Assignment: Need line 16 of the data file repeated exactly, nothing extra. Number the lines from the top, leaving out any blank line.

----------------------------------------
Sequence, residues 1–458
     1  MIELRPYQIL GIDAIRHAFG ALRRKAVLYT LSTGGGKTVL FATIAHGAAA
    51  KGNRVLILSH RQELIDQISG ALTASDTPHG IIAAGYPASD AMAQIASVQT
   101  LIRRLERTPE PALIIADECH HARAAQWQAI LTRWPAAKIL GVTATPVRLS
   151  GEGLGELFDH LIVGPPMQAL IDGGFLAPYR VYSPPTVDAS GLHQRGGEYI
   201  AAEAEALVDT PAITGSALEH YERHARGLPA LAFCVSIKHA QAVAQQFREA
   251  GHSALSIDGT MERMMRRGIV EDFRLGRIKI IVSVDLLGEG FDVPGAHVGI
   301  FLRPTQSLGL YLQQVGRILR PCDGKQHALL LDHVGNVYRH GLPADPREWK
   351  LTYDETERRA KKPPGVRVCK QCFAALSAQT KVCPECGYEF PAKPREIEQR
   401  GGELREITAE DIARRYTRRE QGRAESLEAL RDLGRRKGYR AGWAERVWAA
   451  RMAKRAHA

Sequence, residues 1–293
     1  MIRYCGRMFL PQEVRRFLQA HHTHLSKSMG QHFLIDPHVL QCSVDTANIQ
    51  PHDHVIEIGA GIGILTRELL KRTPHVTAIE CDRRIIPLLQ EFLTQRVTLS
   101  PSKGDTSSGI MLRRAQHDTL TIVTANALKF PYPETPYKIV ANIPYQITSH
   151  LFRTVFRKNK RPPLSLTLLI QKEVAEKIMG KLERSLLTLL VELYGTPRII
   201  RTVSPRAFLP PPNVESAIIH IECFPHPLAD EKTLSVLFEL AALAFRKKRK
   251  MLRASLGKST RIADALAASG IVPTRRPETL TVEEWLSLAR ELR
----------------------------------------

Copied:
   151  LFRTVFRKNK RPPLSLTLLI QKEVAEKIMG KLERSLLTLL VELYGTPRII